[ECOLOG-L] Doctoral Scholarships At Clark Uiversity in GIS and Earth System Science

Clark University’s Graduate School of Geography offers full-scholarships
with stipends to doctoral students to join our vibrant and focused community
of professors, researchers and students who are examining cutting-edge
questions related to Geographic Information Science and Earth System
Science. Click (https://www.youtube.com/watch?v=kcj81gsXeQc) to see Clark’s
video concerning GIS and click (https://www.youtube.com/watch?v=2umQXWulN9g)
to see Clark’s video concerning Earth System Science. See also
http://ift.tt/2ftpG7n.

The application deadline is 31 December 2016 for the program beginning in
August 2017. Apply at
http://ift.tt/2g5Vz3X.

Clark University has opportunities for doctoral students to be teaching
assistants and research assistants. Teaching assistants are involved in
courses such as Arctic System Science, Earth System Science, Forest Ecology,
Geographic Information Science, Land Change Modeling, Quantitative Methods,
Remote Sensing and Wildlife Conservation. Research assistants work on
projects led by professors. Below are some examples of how doctoral students
are engaged in research assistantships.

Professor Ron Eastman employs research assistants as computer programmers at
Clark Labs, which creates the GIS software TerrSet. TerrSet has over 100,000
users worldwide. See http://www.clarklabs.org.

Professor Karen Frey runs the Polar Science Research Lab, which includes
Bachelors, Masters and Doctoral students with broad, interdisciplinary
interests in the linkages between the land surface, ice cover, ocean, and
atmosphere in polar environments. The research involves extensive fieldwork
and labwork as well as remote sensing, spatial analysis and modeling. See
http://ift.tt/2ftu1XR.

Professor Dominik Kulakowski directs the Forest Ecology Research Lab, which
examines the causes and consequences of environmental change in forest
ecosystems. Current and recent research focuses on how climate change,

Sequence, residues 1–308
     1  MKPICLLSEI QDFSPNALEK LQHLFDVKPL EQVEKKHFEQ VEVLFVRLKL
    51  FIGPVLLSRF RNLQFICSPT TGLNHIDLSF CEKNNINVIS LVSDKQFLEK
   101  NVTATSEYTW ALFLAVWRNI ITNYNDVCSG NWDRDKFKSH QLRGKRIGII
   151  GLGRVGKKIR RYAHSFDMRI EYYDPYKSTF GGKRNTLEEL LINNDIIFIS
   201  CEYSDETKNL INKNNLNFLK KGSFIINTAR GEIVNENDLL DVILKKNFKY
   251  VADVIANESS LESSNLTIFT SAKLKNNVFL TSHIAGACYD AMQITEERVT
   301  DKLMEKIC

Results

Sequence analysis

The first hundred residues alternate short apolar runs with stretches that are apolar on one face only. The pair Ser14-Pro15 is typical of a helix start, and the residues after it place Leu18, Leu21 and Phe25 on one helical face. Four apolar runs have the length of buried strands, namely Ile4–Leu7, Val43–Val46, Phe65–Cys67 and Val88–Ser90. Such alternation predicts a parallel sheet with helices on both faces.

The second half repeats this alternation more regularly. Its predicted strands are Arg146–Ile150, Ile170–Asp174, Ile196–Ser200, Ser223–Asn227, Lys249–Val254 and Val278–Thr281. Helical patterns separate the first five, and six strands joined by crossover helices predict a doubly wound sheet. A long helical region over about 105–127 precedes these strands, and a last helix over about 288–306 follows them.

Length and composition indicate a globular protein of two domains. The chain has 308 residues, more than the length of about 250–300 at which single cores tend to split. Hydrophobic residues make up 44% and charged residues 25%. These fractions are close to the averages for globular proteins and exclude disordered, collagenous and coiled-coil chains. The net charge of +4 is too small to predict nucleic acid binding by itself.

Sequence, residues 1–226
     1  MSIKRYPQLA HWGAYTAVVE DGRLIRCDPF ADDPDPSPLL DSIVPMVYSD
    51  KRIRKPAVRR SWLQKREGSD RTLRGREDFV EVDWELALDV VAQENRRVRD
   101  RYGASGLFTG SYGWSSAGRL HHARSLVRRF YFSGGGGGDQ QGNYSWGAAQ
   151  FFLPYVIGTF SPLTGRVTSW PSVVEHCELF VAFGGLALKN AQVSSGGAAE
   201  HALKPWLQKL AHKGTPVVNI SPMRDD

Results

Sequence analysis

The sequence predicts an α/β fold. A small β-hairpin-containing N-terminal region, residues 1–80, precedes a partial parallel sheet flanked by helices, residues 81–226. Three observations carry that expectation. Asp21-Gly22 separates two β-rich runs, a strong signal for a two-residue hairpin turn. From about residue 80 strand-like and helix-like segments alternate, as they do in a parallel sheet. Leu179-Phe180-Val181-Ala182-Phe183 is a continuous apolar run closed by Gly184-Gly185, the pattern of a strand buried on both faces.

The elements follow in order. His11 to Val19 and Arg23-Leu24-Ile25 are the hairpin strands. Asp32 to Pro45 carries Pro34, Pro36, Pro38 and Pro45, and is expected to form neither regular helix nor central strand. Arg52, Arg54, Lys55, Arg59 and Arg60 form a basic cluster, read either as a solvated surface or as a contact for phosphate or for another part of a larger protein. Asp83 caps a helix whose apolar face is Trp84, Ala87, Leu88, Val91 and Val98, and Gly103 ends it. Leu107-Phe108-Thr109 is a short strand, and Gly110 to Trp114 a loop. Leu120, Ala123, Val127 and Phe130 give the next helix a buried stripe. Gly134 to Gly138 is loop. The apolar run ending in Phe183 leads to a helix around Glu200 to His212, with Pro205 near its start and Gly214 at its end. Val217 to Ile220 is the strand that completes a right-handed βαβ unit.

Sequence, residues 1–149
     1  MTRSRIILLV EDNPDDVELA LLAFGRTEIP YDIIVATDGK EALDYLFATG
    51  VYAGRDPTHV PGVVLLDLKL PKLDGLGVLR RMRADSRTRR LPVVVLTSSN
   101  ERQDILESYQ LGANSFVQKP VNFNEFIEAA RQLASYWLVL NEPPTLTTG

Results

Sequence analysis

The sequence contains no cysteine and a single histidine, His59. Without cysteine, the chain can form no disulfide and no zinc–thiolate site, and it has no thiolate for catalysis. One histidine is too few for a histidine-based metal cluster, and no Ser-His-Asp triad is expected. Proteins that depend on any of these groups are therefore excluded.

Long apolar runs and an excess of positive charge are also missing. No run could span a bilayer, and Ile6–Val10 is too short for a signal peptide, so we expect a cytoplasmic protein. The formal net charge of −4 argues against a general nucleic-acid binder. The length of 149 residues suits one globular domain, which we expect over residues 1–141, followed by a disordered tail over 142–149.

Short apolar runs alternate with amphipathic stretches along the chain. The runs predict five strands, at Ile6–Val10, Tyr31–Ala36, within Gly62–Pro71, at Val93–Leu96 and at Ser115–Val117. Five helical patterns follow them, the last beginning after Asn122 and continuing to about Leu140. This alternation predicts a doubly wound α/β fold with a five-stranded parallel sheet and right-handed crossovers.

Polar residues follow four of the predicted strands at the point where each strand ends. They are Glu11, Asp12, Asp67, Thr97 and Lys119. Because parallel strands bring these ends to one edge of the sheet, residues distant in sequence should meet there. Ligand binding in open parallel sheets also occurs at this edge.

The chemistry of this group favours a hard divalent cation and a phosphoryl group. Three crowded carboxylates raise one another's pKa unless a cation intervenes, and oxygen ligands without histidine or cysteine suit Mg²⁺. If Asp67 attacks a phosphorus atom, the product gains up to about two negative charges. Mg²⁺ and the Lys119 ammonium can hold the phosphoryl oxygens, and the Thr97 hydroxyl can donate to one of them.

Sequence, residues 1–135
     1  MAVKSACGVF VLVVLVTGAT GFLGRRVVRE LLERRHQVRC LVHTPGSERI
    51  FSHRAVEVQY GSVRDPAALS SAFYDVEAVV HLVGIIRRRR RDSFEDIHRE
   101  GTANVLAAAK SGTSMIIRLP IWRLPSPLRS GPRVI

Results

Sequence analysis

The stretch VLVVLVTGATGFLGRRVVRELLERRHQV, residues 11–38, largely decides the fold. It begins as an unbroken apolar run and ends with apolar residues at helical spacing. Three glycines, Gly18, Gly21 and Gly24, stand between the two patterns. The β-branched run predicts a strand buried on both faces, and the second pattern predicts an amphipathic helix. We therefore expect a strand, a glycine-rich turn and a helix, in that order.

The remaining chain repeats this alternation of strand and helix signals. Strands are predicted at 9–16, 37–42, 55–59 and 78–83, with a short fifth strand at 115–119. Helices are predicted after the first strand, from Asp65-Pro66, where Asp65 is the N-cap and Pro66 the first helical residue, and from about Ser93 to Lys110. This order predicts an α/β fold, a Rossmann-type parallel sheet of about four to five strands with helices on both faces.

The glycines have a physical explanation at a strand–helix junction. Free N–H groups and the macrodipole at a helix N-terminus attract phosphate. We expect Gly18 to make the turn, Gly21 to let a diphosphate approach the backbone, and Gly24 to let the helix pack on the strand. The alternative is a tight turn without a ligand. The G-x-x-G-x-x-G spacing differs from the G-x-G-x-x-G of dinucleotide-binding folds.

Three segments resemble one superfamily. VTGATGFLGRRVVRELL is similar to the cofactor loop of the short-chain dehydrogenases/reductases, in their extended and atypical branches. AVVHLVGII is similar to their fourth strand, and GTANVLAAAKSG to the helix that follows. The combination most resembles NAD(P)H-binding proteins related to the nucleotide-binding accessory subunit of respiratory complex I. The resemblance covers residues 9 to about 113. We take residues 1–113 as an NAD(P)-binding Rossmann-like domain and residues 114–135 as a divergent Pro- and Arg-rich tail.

human land use and interacting disturbances, such as fires and insect
outbreaks, affect mountain forests in North America and Europe. Doctoral
students use a combination of field data collection, dendroecology (the
study of tree rings), GIS and/or spatial modelling to address questions that
advance our understanding of forest ecology and associated policy and
management strategies. See http://ift.tt/2g5WT73.

Professor Robert Gilmore Pontius Jr has six years of funding to hire a
research assistant who will use remote sensing to measure land change in an
estuarine marsh, where sea level rise is particularly important. The
research concerns the Plum Island Ecosystems, which is part of the Long Term
Ecological Research network, funded by the National Science Foundation. See
http://ift.tt/2cxU2pa.

Professor John Rogan invites doctoral students to work in the emerging field
of Conflict Geography in the context of extractive industries. The research
merges work in GIScience and Remote Sensing, with that on the Political
Ecology of Natural Resource Extraction as a platform for collaboration among
faculty, Bachelors, Masters and Doctoral students. See
http://ift.tt/2g5XjKJ.

Professor Christopher Williams seeks research assistants for his
Biogeosciences Research Group, which focuses on: climate impacts of forest
change, biosphere-atmosphere interactions & feedbacks to the climate system,
drought & disturbance impacts on carbon sequestration and water resources.
The group desires applicants with experience in terrestrial ecosystem
ecology, ecohydrology, biosphere-atmosphere exchange, eddy covariance, EOS
remote sensing, and/or ecosystem and hydrologic process modeling. See
http://ift.tt/2ftryg7.

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